Cereal giant Kellogg announced Thursday that it expects to raise prices as inflation, supply chain problems and a recent labor strike boosted the company’s expenses.
Nearly 1,500 workers went on strike at Kellogg cereal plants in October, and the workers’ union rejected the company’s recent offer on new pay and benefits on Wednesday, Reuters reported. The strike has led to a dip in Kellogg’s profits and contributed to an overall increase in company costs.
The company behind Pop-Tarts, Frosted Flakes and Rice Krispies said Thursday that it anticipates continued supply chain disruptions in the near future, driving up costs as labor strikes continue, according to Kellogg’s quarterly earnings call.
“There is no question that today’s business environment is as challenging as we’ve ever seen it,” Kellogg chief executive Steve Cahillane said.
Cahillane said during the earnings call that the company is still negotiating with the Bakery Confectionery Tobacco Workers and Grain Millers’ (BCTGM) union over a new contract and hopes to reach a deal soon.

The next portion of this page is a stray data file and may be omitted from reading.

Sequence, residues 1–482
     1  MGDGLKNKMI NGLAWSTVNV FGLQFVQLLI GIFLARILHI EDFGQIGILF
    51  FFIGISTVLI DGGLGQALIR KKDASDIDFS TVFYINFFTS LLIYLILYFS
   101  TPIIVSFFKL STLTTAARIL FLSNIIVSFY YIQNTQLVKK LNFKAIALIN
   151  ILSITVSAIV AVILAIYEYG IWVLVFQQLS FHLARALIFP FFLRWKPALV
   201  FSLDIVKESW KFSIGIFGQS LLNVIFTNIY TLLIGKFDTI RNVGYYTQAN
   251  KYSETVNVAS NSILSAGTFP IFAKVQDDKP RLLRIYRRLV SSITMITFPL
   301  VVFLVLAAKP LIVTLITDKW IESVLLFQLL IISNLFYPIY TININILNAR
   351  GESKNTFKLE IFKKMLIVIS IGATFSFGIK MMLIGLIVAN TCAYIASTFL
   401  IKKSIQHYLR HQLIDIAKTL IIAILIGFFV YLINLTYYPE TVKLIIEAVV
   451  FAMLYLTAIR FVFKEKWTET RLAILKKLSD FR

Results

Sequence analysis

“The company’s last, best and final offer does not achieve what our members are asking for; a predictable pathway to fully vested, fully benefitted employment for all employees with no concessions,” the BCTGM said in a press release.
The BCTGM and Kellogg did not immediately respond to the Daily Caller News Foundation’s requests for comment.
Kellogg is one of many companies experiencing labor strikes as workers demand higher pay and better benefits amid growing labor shortages and inflation.
Striking workers at John Deere rejected a second contract offer Tuesday that would have increased their pay by 10%. John Deere facilities across the U.S. first went on strike on Oct. 14, with the United Auto Workers union saying the company “failed to present an agreement that met our members’ demands and needs.”
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